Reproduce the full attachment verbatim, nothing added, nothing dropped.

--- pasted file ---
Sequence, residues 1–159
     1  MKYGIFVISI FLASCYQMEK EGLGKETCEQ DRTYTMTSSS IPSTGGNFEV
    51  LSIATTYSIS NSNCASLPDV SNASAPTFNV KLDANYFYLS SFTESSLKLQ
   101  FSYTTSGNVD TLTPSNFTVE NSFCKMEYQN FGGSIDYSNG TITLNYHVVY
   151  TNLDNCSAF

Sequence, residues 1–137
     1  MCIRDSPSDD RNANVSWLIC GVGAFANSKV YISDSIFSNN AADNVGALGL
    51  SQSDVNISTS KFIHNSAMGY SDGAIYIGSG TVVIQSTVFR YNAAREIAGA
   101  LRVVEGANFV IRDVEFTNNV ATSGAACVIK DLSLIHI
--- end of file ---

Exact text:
Sequence, residues 1–159
     1  MKYGIFVISI FLASCYQMEK EGLGKETCEQ DRTYTMTSSS IPSTGGNFEV
    51  LSIATTYSIS NSNCASLPDV SNASAPTFNV KLDANYFYLS SFTESSLKLQ
   101  FSYTTSGNVD TLTPSNFTVE NSFCKMEYQN FGGSIDYSNG TITLNYHVVY
   151  TNLDNCSAF

Sequence, residues 1–137
     1  MCIRDSPSDD RNANVSWLIC GVGAFANSKV YISDSIFSNN AADNVGALGL
    51  SQSDVNISTS KFIHNSAMGY SDGAIYIGSG TVVIQSTVFR YNAAREIAGA
   101  LRVVEGANFV IRDVEFTNNV ATSGAACVIK DLSLIHI